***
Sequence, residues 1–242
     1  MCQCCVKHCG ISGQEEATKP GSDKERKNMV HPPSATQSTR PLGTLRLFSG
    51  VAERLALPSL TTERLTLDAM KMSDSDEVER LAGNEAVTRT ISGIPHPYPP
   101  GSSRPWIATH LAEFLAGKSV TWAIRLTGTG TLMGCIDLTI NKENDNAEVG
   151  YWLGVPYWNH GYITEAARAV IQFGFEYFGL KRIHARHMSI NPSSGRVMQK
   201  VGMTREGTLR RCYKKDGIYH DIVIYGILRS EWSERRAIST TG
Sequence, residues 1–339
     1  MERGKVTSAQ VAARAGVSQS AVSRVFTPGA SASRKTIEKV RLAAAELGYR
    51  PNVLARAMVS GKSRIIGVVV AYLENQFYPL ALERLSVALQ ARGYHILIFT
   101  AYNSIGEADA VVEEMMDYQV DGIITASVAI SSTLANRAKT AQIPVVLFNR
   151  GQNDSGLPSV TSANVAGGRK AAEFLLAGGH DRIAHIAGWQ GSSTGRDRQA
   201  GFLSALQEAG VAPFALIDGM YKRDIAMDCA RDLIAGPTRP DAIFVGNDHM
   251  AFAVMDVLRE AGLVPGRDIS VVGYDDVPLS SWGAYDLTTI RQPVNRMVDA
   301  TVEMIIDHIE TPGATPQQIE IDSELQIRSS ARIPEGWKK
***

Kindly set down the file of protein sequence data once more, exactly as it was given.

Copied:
Sequence, residues 1–242
     1  MCQCCVKHCG ISGQEEATKP GSDKERKNMV HPPSATQSTR PLGTLRLFSG
    51  VAERLALPSL TTERLTLDAM KMSDSDEVER LAGNEAVTRT ISGIPHPYPP
   101  GSSRPWIATH LAEFLAGKSV TWAIRLTGTG TLMGCIDLTI NKENDNAEVG
   151  YWLGVPYWNH GYITEAARAV IQFGFEYFGL KRIHARHMSI NPSSGRVMQK
   201  VGMTREGTLR RCYKKDGIYH DIVIYGILRS EWSERRAIST TG
Sequence, residues 1–339
     1  MERGKVTSAQ VAARAGVSQS AVSRVFTPGA SASRKTIEKV RLAAAELGYR
    51  PNVLARAMVS GKSRIIGVVV AYLENQFYPL ALERLSVALQ ARGYHILIFT
   101  AYNSIGEADA VVEEMMDYQV DGIITASVAI SSTLANRAKT AQIPVVLFNR
   151  GQNDSGLPSV TSANVAGGRK AAEFLLAGGH DRIAHIAGWQ GSSTGRDRQA
   201  GFLSALQEAG VAPFALIDGM YKRDIAMDCA RDLIAGPTRP DAIFVGNDHM
   251  AFAVMDVLRE AGLVPGRDIS VVGYDDVPLS SWGAYDLTTI RQPVNRMVDA
   301  TVEMIIDHIE TPGATPQQIE IDSELQIRSS ARIPEGWKK